But you want to know. Fine, let’s look into the future.

Quarter 4 ROI: 116%. Outsize bonuses, bitches! The team makes a mint on the G-Crop insider trading deal. Water-free wheat gets pulled off the market in 2016 due to increasing evidence it is behind a third-world cancer epidemic. Monsanto settles with victims for the bargain price of $35 billion. Its stock goes up 19% the day the settlement is announced. Everyone assumed they were toast. Thank their lucky stars Africans have shitty lawyers.

Year 2 ROI: 44%. Year 3 ROI: 39%. Year 4 ROI: negative 1,087%, resulting in a corporate write off of $17.8 billion. The Flash Depression of 2017 sinks Innovative Investments and nearly sinks all of Morclays Goldlynch. It doesn’t sink the A-Team. They are long gone. Someone else is left caught holding their bag of shit.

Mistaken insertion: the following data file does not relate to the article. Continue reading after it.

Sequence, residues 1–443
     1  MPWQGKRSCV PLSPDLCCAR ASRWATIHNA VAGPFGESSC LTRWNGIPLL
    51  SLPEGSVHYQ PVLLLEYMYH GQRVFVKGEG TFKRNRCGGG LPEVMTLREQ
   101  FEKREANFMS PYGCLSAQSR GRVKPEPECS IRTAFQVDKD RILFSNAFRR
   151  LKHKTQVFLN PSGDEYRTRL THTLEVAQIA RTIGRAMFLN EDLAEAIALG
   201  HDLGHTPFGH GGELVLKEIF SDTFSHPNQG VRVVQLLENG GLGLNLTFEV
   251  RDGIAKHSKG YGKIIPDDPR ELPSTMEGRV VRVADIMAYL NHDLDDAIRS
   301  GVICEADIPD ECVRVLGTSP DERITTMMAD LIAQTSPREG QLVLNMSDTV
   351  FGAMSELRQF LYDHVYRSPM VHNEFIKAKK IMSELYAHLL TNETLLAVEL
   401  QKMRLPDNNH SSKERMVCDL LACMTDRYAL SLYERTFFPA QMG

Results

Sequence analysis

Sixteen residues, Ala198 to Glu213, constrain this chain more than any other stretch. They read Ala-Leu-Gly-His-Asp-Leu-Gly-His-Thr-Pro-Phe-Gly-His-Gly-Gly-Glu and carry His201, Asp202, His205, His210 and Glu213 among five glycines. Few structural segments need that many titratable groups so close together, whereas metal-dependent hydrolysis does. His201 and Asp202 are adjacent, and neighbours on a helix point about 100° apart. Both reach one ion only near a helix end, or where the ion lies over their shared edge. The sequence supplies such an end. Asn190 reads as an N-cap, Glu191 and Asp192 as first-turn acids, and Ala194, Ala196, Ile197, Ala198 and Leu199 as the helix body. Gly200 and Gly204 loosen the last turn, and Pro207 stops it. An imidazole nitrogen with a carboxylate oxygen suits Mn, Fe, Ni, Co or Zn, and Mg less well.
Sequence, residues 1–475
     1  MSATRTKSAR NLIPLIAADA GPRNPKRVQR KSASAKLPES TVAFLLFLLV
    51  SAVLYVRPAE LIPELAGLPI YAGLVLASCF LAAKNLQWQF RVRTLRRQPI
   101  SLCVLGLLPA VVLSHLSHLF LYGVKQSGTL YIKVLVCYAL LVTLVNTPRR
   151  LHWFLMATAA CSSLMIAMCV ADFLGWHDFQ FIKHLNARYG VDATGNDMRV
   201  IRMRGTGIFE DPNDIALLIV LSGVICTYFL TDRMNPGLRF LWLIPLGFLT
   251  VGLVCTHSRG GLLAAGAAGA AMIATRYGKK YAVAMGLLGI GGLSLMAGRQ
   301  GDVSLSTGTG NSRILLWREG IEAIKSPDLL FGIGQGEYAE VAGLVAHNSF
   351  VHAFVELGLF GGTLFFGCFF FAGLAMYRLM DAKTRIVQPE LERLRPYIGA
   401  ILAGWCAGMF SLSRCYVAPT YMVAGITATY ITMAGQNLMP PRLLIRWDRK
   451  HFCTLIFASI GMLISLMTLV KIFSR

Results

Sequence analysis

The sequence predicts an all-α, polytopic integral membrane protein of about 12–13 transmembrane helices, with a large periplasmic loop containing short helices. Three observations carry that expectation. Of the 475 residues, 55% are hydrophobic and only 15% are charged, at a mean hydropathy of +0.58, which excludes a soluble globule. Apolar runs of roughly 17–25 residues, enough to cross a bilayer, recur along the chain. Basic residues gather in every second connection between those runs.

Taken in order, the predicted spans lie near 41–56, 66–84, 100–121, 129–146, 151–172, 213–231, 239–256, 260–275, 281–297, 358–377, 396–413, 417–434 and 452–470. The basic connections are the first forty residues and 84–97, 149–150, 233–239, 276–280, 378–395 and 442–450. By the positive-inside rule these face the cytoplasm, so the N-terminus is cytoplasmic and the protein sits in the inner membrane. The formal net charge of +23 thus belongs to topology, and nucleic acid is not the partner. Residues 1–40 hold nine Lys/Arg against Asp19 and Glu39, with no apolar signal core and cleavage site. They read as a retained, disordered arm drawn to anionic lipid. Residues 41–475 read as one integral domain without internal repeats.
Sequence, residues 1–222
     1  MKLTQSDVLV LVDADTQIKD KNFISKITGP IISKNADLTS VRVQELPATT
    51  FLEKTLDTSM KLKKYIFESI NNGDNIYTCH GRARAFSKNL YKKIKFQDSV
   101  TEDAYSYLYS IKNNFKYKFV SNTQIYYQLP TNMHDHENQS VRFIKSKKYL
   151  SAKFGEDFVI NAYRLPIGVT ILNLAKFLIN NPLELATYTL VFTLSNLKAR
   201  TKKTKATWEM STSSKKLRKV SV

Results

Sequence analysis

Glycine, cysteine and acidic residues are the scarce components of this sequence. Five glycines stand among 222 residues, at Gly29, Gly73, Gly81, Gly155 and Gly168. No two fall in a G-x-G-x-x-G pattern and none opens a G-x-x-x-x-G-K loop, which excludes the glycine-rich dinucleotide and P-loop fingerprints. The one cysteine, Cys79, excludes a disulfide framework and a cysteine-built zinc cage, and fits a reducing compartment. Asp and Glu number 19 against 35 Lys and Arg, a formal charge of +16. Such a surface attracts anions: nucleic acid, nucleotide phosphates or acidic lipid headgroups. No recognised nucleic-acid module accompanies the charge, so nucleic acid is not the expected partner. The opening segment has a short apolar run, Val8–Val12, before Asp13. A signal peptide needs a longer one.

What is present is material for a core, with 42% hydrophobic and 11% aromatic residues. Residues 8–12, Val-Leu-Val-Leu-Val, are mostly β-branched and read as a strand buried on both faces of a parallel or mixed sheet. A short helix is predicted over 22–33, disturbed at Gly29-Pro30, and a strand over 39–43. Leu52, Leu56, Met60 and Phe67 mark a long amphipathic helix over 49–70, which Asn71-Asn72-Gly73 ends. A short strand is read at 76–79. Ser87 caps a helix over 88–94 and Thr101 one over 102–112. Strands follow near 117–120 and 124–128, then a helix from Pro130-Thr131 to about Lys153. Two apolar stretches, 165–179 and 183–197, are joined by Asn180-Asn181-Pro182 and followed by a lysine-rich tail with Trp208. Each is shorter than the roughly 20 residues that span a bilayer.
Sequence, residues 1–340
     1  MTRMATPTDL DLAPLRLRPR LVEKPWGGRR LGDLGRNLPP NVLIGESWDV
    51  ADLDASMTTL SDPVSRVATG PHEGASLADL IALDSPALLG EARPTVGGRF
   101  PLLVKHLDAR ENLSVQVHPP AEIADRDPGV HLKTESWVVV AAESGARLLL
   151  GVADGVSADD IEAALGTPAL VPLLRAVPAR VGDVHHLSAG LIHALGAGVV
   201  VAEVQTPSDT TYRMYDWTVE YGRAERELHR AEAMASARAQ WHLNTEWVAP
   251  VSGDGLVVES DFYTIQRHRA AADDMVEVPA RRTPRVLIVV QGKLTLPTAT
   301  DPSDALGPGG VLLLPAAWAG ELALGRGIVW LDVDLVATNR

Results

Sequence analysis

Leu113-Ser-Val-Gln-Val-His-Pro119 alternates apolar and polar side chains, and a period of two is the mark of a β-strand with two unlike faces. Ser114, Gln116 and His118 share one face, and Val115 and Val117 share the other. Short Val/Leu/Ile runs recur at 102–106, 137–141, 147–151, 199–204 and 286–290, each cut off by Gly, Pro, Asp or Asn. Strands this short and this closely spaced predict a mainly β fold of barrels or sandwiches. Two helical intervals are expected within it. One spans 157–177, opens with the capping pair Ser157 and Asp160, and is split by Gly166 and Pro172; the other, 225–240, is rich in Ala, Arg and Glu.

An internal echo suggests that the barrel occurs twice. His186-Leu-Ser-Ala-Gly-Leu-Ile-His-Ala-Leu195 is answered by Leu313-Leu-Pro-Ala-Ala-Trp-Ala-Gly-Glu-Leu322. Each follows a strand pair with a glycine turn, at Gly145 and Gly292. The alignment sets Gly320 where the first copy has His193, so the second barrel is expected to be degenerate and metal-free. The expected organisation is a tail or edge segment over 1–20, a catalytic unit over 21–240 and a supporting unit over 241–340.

Marcus went uptown to join HS-TD Citiwells. Shitty bank, good decision. Marcus had the goods, but you don’t move up at Goldlynch unless you’re a Jew or a WASP.

Whip got shot. No, it’s not like that. This isn’t “Gangs of New York.” He was shooting clay pigeons at his parent’s country house in New Hampshire. One of his old Harvard lax buddies was tripping balls and thought he was a giant eagle. Shot him dead in the face. Birdshot punched out his eyes. He’s now the first blind professor of finance at Brown. Still shame of the family. He teaches an annual case study on Deep Frys, now the third largest American fast food corporation. America’s obesity rate crosses 35% for the first time by the end of the decade.

Tony got arrested and charged with rape. Doesn’t matter. Best lawyer money can buy. He got off. He’s now executive director of Goldlynch’s personal wealth management division. Easy street!